ImageBlogging … what to do? what to do?  Over the past year I have been recreating my Mystery Factory website and fooling myself into thinking that the best thing to do would be to have my blog attached to that. Nope. It hasn’t been happening. So I’ve decided to revive Mystery Trivia. This bluck is just a way of starting to re-grease my wheels after a year of not doing much.

ImageThis is Fern’s Basket. The carousel goes round and the horses go up and down and it lights up. Fern’s basket was the most popular as far as prize baskets go but then many of the entrants pre-teen. Her fingerprints and a few other clues were found at the crime scene.
Nearly 100 people joined Mystery Factory for a clue hunt at our booth at the Shop Local Canmore Trade Fair in Canmore AB last weekend. We won 1st place for the Most Fun booth, 2nd place for the Friendliest Booth and 3rd place for the People’s Choice Best Overall Booth! Thank you Canmore!
At the end of the day we had four happy winners of our awesome prize baskets. Putting them together was just as much fun as planning the mystery. A basket was themed after each of the suspects and it was a pretty equal match as to which basket was the most popular.

Old McDonald’s Basket is filled with an assortment of stuffies and other animals types. Old McDonald is the villian who stole the precious gems from the carousel horse and replaced them with candy. Farming isn’t cheap you know.

Patsy Produce’s Basket is pretty exciting too. It includes a teapot in the shape of a head of lettuce with a radish on top of the lid. You can just barely make it out at the back of the basket. There is also a flower garden snow globe filled with glitter instead of snow. Patsy has a pet monkey, an appalling pet for a produce person to have.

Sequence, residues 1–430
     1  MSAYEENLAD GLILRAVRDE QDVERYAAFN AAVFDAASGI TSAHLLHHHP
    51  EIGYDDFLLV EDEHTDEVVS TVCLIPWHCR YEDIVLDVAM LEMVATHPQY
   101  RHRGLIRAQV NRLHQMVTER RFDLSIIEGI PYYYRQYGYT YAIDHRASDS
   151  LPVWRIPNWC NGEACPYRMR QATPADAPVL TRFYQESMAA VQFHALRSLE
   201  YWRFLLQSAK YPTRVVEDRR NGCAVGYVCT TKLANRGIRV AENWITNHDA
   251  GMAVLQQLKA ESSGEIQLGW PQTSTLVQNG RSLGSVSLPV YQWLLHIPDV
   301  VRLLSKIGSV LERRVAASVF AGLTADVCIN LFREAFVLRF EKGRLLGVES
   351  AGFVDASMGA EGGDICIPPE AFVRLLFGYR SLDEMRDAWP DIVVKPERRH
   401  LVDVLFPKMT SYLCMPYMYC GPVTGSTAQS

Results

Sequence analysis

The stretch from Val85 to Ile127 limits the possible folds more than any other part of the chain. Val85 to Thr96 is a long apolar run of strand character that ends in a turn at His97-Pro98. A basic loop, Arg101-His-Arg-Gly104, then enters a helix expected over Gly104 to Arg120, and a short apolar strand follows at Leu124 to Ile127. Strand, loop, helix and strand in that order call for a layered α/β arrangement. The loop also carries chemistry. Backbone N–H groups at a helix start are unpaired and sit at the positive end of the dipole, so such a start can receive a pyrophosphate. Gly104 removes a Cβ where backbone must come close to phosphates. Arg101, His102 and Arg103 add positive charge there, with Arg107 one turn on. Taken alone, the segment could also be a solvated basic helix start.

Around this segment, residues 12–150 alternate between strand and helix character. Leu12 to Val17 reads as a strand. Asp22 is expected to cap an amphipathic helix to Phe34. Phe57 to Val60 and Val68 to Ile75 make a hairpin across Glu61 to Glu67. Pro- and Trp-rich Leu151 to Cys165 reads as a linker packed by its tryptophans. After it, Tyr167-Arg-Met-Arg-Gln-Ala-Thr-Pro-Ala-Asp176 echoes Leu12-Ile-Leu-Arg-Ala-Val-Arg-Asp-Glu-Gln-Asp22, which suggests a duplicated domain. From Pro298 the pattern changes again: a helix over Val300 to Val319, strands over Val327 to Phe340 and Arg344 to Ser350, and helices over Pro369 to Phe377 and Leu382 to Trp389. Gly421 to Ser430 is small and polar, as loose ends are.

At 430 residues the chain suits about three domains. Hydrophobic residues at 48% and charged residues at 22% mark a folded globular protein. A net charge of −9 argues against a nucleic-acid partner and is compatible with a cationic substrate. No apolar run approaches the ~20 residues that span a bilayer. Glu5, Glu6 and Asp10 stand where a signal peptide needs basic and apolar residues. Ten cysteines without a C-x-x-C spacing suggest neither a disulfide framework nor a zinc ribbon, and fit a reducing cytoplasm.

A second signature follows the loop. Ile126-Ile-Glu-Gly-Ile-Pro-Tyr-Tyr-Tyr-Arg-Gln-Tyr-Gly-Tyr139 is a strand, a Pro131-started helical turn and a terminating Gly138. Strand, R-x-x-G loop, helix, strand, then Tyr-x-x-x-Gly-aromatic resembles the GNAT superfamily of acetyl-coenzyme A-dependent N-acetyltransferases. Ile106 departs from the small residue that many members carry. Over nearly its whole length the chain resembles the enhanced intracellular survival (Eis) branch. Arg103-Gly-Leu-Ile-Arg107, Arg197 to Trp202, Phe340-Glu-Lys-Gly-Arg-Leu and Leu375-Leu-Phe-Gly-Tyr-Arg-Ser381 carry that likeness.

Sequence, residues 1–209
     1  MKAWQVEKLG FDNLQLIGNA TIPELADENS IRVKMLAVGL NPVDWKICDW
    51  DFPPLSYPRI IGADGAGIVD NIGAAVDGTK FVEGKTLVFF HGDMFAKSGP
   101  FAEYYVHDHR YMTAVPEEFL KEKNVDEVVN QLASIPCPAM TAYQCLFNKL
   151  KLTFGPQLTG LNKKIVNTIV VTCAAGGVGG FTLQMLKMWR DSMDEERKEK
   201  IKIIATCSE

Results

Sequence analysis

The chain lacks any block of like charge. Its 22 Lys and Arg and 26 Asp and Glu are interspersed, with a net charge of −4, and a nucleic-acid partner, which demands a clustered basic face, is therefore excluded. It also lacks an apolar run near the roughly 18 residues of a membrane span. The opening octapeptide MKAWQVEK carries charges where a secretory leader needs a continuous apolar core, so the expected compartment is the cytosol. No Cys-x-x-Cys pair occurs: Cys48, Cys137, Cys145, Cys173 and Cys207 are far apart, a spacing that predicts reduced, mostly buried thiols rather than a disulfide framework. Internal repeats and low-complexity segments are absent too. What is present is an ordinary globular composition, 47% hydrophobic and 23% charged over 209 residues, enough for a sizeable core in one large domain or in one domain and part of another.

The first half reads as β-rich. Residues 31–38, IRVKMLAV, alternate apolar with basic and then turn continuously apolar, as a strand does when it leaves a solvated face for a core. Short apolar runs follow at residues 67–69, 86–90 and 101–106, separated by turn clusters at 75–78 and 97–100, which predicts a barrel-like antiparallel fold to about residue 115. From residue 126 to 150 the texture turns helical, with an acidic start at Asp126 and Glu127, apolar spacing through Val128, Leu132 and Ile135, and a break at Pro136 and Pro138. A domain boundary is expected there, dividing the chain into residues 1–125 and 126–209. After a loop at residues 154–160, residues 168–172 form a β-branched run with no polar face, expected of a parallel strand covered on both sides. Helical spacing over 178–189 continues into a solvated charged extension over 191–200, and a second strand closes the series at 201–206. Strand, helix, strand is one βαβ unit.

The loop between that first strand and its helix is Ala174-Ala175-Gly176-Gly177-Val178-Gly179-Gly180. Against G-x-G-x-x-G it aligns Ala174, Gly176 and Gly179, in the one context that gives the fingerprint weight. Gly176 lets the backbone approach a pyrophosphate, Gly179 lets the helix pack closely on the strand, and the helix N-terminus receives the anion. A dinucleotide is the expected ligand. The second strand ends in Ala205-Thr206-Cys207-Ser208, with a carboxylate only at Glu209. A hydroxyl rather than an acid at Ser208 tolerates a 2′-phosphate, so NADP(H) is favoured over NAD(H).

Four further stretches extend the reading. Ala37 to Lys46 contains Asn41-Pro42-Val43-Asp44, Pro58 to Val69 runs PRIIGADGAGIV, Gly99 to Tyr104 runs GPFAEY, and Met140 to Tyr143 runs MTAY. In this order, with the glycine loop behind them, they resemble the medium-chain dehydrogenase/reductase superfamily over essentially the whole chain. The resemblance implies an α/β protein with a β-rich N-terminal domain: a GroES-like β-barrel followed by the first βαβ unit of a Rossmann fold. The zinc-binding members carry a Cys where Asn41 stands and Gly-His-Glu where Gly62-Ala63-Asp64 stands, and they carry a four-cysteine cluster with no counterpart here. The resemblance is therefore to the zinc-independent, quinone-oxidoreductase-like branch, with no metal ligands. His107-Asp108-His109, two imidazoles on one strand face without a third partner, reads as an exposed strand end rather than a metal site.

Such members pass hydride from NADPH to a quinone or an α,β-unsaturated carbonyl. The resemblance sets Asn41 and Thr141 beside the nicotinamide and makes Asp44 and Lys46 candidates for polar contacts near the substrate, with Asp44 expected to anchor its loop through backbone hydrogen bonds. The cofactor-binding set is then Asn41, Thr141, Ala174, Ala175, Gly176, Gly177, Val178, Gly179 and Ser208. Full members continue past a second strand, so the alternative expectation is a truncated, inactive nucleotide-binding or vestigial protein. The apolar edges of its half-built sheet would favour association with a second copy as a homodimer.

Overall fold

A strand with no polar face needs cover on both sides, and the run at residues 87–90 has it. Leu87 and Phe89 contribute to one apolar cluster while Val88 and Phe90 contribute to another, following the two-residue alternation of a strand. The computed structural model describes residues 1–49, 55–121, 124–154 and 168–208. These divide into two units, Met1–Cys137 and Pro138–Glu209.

Finally there is Zoltar the Fortune Teller. It’s hard to make out the blue crystal star hanging from the handle of the basket but hang there it does.
All in all, it was a wonderful weekend my fabulous husband tells me. He was generous to go and look after things for me as I was unable to get away.

 

The Case of the Candy Carousel – A ‘Crack the Case’ Mystery Contest

One day left for the Mystery Factory Booth at the Shop Local Canmore Trade Fair. Stop by and check us out. Solve the Case of the Candy Carousel and enter to win some really great prizes! Our man on the spot, Tony Berryman, says the hardest thing people have to do is figure out which basket they want to win.